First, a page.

How a dormant viral infection can reactivate and trigger a stroke

Scientists at the University of Colorado Anschutz Medical Campus believe they have discovered how a common disease called shingles can increase a person’s risk of stroke. The novel findings reveal how latent viral infections can be reawakened after lying dormant for years and cause health issues beyond a mild acute disease.

Most people are infected with varicella-zoster virus (VZV) in childhood, and for some it can lead to a disease known as chickenpox. Despite most signs of the illness quickly resolving in many people the virus itself doesn’t every really go away. Instead, it often remains dormant in our central nervous system.

In around 30% of people, at some point in their life, the VZV virus reawakens and again causes disease. This time round the illness is called shingles. For most people shingles is characterized by a rash but a number of other health complications can accompany a case of the disease.

“Most people know about the painful rash associated with shingles, but they may not know that the risk of stroke is elevated for a year after infection,” explained Andrew Bubak, lead author on the new study. “Importantly, the rash is often completely healed and individuals feel normal but nonetheless are walking around with this significant elevation in stroke risk.”

The question Bubak and colleagues set out to answer was exactly how a reactivated varicella-zoster virus could be increasing a person’s risk of stroke. The researchers suspected it had something to do with tiny, sac-like molecules called exosomes. These molecules are formed within cells and carry cargo to tissue in other parts of the body.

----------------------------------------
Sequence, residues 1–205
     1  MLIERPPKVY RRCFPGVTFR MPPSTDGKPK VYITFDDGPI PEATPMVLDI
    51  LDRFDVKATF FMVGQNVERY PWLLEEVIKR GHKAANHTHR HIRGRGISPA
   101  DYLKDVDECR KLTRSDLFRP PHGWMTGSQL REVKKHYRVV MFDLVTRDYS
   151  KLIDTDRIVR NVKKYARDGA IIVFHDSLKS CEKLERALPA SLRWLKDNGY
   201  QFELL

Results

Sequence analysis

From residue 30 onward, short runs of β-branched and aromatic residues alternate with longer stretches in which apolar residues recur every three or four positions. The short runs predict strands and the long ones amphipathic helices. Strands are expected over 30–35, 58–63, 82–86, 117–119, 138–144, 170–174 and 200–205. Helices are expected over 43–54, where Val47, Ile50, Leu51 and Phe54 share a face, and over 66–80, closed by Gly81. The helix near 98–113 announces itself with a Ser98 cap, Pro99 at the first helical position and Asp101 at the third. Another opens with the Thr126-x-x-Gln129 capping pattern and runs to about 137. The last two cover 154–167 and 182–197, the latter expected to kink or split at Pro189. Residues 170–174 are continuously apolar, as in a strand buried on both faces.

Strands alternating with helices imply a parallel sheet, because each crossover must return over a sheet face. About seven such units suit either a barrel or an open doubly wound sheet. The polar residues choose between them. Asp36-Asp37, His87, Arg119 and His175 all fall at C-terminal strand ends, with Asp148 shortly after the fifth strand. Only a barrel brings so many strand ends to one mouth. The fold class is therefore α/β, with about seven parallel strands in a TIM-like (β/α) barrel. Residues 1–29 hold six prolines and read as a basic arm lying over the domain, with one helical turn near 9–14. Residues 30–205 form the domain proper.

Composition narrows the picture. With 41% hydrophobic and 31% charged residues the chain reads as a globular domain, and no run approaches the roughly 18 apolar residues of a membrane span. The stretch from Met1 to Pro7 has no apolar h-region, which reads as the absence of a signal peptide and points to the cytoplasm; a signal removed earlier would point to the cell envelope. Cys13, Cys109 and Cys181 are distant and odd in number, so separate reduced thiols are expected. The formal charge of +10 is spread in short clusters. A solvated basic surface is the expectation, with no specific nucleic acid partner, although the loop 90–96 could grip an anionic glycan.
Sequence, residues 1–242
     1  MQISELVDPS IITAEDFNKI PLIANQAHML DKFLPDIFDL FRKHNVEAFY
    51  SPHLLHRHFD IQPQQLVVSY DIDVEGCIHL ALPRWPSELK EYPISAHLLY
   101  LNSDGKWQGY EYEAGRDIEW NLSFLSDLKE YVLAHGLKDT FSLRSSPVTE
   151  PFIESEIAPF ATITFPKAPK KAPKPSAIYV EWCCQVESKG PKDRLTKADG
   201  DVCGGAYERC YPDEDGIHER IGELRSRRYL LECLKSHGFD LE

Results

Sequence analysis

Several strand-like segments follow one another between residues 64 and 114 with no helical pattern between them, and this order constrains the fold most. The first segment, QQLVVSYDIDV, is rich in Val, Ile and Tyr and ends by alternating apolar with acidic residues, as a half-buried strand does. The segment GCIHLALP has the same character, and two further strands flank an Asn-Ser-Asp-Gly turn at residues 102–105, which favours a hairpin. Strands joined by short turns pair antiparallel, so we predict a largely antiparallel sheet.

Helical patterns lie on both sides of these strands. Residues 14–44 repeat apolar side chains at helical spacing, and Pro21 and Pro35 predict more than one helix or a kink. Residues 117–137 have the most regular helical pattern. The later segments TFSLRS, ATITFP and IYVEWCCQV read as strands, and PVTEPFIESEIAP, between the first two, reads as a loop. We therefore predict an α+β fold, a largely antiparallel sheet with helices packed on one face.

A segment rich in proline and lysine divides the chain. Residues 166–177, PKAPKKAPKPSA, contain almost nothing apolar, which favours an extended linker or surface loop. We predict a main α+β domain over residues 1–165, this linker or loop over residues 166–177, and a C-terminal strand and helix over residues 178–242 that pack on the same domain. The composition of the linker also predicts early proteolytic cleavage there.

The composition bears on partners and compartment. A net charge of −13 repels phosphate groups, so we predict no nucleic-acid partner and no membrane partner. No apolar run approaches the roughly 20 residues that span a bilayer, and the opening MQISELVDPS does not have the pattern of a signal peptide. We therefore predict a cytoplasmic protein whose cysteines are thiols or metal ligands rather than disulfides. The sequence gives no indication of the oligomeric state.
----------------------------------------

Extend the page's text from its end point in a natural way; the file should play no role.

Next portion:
The hypothesis was that the reactivated virus triggered the production of exosomes carrying blood clotting proteins. So, to investigate, the researchers isolated exosomes from 10 healthy subjects and 13 patients with shingles.

The findings revealed exosomes from shingles patients contained significantly higher volumes of clotting proteins than exosomes from healthy subjects. And even more strikingly, those levels were still elevated when samples were taken from the shingles patients three months after their acute illness had subsided.

“To functionally confirm that the contents of these exosomes can induce clotting, we exposed platelets – cell fragments involved in blood clotting – of healthy people to exosomes from either shingles patients or healthy people,” Bubak explained in an article for The Conversation. “We found that exposing platelets to shingles exosomes triggered them to clump together and form aggregates with other types of blood cells, as they would in forming a blood clot.”

An increased risk of stroke has been linked to the aftermath of other viral infections, including influenza and COVID-19. However, at this point the research only focuses on stroke risk in relation to VZV infection, so it’s unclear whether this mechanism plays a role in the relationship between stroke and other viral illnesses.

According to Bubak there is plenty more work to be done to better understand the relationship between stroke and viral infections, but in the short-term these novel findings could help inform clinical practice. A vaccine to prevent shingles has been approved for adults over the age of 50 but there are also anti-platelet drugs that could be given to shingles patients most at risk of stroke.

“If these findings are confirmed with a larger longitudinal study, then this could change clinical practice,” said Bubak. “… it’s really important and so easily mitigated. Send them home with antiplatelet agents.”

The new study was published in The Journal of Infectious Diseases.

Source: University of Colorado Anschutz Medical Campus

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